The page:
Phil Hughes To Be Skipped

The Yankees announced yesterday that RHP Phil Hughes will be skipped in his next turn in the rotation.  His command has been observably terrible over his last several outings, allowing 11 earned runs, six walks, 13 hits in 9.2 innings pitched in his last two starts against Toronto (8/25, 9/5), and against Oakland, allowing only two runs, but still walking five batters in only five innings pitched on 8/31.

His struggles extend earlier than his last three starts, extending into July.  He just hasn’t been the same dominating pitcher for quite some time that he was at the start of the season.  I wrote a piece earlier about the struggles of the Yankee rotation, and here is an excerpt on Phil Hughes:

Phil Hughes (16-7, 4.29), who emerged as a top of the rotation starter earlier this season, has just not been the same of late.  Before the All Star break, Phil was 11-2 with a 3.65 ERA and a 1.85 WHIP.  Since the midsummer classic, he has been 5-5 with a 5.47 ERA and a 1.45 WHIP. Lately, his location has been horrendous, and John Flaherty a few days ago mentioned that his arm slot has dropped, perhaps as a result of fatigue.  He has never thrown this many innings in his career, and perhaps skipping a start would pay dividends for Hughes.  Some may suggest that his struggles began when the Yankees skipped that start in June, but this is September.  They will need Hughes come October, and a tired arm cannot be an excuse for losing a potential big playoff game.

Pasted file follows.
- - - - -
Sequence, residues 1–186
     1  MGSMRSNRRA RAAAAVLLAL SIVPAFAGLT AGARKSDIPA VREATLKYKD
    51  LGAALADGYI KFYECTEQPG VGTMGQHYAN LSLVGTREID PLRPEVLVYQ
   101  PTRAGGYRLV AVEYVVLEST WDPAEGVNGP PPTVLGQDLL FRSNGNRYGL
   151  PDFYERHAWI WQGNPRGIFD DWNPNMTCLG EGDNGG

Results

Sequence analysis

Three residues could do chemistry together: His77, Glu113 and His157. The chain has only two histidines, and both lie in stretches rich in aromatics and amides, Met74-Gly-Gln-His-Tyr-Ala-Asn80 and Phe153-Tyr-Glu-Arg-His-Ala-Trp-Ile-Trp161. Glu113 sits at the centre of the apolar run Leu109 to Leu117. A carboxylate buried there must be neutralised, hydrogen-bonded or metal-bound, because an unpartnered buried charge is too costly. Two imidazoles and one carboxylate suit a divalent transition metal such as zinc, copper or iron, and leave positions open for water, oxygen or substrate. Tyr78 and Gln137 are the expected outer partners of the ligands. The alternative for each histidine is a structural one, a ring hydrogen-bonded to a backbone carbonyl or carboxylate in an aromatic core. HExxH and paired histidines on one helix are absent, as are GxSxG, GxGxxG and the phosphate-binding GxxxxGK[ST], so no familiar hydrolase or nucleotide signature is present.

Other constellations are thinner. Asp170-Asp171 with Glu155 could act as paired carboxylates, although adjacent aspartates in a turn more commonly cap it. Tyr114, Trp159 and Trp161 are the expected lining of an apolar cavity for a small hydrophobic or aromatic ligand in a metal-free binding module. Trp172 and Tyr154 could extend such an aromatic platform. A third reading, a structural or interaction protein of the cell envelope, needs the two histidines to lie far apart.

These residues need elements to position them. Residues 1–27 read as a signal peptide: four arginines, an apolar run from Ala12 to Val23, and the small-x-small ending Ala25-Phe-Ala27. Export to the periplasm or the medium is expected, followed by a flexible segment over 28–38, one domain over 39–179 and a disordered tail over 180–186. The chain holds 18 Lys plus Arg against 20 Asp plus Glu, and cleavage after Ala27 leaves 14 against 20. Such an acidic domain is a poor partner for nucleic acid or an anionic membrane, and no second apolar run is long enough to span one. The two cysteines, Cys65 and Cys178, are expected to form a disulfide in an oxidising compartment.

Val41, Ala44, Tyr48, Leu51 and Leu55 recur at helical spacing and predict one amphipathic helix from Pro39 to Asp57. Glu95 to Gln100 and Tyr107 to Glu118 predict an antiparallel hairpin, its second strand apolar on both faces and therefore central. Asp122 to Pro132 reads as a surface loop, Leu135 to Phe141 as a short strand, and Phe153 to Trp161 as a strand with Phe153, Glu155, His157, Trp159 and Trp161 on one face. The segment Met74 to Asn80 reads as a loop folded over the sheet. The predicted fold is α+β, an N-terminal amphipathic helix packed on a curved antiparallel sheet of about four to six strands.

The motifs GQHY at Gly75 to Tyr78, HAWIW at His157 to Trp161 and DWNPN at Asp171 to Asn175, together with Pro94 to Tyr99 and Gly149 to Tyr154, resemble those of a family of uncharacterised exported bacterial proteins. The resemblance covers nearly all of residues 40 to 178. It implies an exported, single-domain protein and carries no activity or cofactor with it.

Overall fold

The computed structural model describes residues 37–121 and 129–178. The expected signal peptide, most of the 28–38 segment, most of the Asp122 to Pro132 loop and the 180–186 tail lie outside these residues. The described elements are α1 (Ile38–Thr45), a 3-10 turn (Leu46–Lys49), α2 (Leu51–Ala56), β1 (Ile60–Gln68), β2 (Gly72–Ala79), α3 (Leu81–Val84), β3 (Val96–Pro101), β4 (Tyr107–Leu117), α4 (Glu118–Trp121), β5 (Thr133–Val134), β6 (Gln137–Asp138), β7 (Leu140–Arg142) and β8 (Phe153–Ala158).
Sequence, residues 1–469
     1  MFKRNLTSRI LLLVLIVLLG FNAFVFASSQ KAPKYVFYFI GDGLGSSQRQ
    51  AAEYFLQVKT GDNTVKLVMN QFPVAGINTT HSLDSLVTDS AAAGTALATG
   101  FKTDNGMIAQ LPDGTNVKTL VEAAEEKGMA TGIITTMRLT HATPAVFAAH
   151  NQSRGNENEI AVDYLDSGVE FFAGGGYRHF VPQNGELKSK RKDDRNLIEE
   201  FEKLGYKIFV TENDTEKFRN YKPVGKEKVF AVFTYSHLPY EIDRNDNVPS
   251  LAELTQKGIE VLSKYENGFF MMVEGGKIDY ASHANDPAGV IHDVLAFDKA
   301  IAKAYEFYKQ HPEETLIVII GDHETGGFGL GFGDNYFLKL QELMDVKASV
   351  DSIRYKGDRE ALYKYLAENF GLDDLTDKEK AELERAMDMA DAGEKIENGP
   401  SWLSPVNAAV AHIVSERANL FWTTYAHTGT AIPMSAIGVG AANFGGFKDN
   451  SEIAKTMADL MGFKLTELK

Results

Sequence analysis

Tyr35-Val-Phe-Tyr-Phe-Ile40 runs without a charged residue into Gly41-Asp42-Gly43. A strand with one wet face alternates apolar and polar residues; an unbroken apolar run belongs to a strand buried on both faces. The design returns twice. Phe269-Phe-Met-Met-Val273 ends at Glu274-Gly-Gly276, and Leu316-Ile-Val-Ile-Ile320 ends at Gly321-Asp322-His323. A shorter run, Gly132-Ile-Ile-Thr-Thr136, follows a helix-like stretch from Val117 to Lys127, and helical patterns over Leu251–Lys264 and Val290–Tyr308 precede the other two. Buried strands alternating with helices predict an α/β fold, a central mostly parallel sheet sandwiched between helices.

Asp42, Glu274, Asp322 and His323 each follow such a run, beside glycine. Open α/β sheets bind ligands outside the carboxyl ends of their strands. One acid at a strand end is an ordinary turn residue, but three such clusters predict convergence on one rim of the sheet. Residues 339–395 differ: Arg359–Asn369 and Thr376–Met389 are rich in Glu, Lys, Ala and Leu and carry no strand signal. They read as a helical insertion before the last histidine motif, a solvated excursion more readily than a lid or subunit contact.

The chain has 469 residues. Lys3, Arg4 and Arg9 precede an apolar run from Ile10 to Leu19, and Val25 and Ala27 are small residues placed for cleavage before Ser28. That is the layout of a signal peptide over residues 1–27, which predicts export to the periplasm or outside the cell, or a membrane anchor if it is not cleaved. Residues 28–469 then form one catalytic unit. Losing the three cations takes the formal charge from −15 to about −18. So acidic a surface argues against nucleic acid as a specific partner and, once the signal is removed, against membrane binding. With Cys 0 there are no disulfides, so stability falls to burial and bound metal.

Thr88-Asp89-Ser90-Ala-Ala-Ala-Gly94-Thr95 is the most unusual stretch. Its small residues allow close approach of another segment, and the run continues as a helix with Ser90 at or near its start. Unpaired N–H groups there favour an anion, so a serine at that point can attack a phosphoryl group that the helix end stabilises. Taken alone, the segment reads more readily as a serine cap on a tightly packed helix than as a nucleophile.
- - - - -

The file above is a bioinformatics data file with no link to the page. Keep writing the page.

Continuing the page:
He is approaching his unknown innings limit, and Hughes has even stated that he doesn’t even know his innings limit.  The Yankees also said that skipping Hughes this time around is all part of his overall plan for this season, which is understandable.

The biggest issue with Hughes is fatigue in my eyes.  Phil has flatly denied that fatigue has been an issue in his recent struggles, but his performance says otherwise.

Skipping Phil Hughes may pay dividends for the Yankees come October, since they will be counting on the young righty in the post season.  If one remembers, the Red Sox skipped ace Josh Beckett late in the 2007 season, because his arm was tiring, and they wanted him fresh for October.  He dominated in postseason, notably the ALCS, going 2-0 with a 1.93 ERA, also earning himself ALCS MVP honors.

Phil Hughes is not at the 2007 Josh Beckett level, at least not yet, but the logic behind skipping Hughes makes tremendous sense.  They will be counting on Hughes in October to win games, and as I said in my last post, a tired arm in October is not an excuse.  Skip him now, allow his arm and head to rest, and reap the benefits of it in October.

About Steve Henn

Yankee fan living in Rhode Island. Aspiring Yankee beat writer. Hockey player and coach.
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